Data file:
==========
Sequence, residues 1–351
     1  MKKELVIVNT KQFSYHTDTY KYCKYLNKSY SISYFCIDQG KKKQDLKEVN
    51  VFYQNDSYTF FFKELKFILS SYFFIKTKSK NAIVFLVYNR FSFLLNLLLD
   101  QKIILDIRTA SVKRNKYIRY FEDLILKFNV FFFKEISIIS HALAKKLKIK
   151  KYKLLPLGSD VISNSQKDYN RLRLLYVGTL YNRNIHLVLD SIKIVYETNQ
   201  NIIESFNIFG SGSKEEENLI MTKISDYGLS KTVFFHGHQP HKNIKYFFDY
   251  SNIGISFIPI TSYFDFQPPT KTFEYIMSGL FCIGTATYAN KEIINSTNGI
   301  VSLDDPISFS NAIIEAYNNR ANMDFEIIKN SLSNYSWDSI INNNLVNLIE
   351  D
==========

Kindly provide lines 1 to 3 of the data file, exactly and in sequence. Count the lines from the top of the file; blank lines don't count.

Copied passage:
Sequence, residues 1–351
     1  MKKELVIVNT KQFSYHTDTY KYCKYLNKSY SISYFCIDQG KKKQDLKEVN
    51  VFYQNDSYTF FFKELKFILS SYFFIKTKSK NAIVFLVYNR FSFLLNLLLD